By Heather Campbell >>
Resilience is a major predictor of personal success, a critical element separating the winners from the also-rans in life and business. Resilience is also a critical element in successful communication, separating those who get their messages heard and the results they require from those who leave mixed messages, misunderstanding and hurt feelings.
Resilience in life is not some special elixir, the source of which is known to only a few. Friendship, exercise and maintaining a positive focus all help us to build the necessary resources to keep going in the face of adversity and bounce back from tough times more quickly. We can build resilience if we choose to do so.
And resilience in communication is also something that we can choose to create for ourselves. Here are three key things each of us can do to build it:
When someone rejects our ideas, rather than choosing to argue our case even more strongly or simply to give up, as resilient communicators we can learn to view “no” as useful information – rather than personal rejection or the end of the line. We can seek to understand the reasons for the “no”. We can ask genuine questions to build insights into the other person’s mindset and we can respect the information that is shared. We can use our increased understanding to build bridges between the outcomes we are seeking and what is important to the other person. We can offer choices rather than giving ultimatums.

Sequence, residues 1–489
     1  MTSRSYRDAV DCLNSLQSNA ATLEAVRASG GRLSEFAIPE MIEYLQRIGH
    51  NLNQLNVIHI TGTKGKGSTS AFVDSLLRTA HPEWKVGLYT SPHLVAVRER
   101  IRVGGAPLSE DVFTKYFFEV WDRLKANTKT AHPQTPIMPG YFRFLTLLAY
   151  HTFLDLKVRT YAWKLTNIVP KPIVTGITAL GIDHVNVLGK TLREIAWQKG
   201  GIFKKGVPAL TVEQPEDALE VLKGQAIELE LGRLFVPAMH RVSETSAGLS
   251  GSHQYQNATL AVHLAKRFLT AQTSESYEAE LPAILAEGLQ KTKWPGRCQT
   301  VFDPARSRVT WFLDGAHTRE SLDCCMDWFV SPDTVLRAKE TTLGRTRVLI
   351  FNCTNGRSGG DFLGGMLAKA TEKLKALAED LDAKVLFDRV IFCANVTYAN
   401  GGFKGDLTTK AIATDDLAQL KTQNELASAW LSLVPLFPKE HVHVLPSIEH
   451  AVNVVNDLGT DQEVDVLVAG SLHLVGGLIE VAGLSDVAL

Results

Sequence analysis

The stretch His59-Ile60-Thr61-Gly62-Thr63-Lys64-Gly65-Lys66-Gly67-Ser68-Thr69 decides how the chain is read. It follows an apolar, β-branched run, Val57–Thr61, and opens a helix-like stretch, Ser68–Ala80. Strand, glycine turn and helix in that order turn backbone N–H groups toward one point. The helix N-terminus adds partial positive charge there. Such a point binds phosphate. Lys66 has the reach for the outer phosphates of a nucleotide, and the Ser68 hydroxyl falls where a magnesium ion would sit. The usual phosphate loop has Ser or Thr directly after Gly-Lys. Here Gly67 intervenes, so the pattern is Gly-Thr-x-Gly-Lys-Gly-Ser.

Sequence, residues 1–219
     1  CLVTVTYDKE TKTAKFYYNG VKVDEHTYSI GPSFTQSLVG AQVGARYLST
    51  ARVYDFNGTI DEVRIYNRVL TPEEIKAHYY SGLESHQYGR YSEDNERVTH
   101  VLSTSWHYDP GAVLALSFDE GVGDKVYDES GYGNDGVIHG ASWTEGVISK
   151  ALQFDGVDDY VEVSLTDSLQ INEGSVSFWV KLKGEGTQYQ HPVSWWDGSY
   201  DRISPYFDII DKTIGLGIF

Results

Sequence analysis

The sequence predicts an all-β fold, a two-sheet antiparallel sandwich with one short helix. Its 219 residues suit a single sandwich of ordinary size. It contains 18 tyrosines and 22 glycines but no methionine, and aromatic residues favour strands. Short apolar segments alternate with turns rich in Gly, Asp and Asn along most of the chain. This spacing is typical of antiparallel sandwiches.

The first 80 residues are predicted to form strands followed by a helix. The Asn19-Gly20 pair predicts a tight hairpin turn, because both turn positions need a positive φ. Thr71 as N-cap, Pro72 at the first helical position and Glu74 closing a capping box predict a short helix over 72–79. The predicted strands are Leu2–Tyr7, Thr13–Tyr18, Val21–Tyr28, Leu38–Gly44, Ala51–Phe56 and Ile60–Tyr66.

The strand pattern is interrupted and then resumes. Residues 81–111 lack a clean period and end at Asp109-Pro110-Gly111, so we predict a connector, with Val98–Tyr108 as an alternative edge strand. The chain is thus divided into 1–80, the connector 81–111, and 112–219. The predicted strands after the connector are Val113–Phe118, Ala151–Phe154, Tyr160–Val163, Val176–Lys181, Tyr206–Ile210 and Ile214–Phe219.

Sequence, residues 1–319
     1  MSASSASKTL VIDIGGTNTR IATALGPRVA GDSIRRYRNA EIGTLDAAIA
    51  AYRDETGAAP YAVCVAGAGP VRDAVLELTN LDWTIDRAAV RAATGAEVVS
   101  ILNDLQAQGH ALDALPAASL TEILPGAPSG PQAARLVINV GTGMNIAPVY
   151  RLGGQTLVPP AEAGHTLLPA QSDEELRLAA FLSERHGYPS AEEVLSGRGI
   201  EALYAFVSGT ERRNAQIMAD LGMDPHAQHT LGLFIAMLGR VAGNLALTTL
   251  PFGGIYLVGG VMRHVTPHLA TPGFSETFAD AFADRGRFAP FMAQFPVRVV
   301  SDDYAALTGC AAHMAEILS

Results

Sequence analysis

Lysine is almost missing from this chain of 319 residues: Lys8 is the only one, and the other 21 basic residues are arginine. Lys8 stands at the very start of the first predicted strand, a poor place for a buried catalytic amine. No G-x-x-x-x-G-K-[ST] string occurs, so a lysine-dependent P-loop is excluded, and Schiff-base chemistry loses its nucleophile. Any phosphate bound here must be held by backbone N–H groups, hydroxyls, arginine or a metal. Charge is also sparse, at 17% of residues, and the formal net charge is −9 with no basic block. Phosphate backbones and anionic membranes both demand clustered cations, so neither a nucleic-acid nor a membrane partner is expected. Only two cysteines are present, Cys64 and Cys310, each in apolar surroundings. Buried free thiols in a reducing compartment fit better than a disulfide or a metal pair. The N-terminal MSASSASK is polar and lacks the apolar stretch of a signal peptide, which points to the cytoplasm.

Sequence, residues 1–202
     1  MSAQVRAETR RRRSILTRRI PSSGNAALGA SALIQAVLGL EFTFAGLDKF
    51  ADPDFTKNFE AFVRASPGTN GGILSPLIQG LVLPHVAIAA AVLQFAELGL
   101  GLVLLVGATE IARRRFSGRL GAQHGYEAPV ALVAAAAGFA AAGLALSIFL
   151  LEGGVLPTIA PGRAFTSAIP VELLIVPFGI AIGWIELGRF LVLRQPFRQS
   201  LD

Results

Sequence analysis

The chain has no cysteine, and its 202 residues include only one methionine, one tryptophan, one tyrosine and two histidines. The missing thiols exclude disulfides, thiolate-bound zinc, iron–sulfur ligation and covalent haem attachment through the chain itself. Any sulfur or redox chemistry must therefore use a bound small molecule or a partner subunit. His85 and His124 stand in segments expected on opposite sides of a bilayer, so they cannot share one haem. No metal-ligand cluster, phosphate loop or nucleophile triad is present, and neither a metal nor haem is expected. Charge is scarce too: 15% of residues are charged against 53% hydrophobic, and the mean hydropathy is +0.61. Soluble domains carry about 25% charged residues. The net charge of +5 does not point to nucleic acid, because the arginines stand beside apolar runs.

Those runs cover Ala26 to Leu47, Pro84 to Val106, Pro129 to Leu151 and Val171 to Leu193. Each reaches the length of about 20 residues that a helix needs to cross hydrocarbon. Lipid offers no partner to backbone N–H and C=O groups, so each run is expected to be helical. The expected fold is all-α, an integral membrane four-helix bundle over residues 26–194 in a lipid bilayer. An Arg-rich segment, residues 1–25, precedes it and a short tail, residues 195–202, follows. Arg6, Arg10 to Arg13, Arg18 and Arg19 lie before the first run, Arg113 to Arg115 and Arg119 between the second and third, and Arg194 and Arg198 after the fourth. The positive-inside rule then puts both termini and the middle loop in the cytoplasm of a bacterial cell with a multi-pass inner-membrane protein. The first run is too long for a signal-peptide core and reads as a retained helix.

If we are seeking to engage others in change, as resilient communicators we need to recognise that a ‘one-size-fits-all’ message, shared once to a large group, will simply not cut the mustard. Instead, we must consider how to make our message interesting and engaging to the recipients. Examine why they should care about it at all, in the midst of all the clamouring for their attention. Plan multiple channels to get our message across, and have the patience to reiterate it rather than expecting people to get it after they hear it once. And recognise that resistance to our message is often the first sign that people are engaging with it.
On an everyday level, we can be more tolerant of other people’s communication. We can consider the possibility that they left us off the email by mistake rather than by design, and choose to contact them to follow up instead of sulking and licking our wounds. We can ask questions to build our understanding of their message, rather than blaming their poor communication for our lack of insight. We can be more open to understanding their point-of-view rather than simply pushing our own.
All of these are simple steps that any one of us can choose to take. In doing so, we will become more resilient communicators; better at making sure our message is heard and understood, better at building the relationships and bridges that ensure people want to connect with us, better at withstanding knock-backs and resistance to change.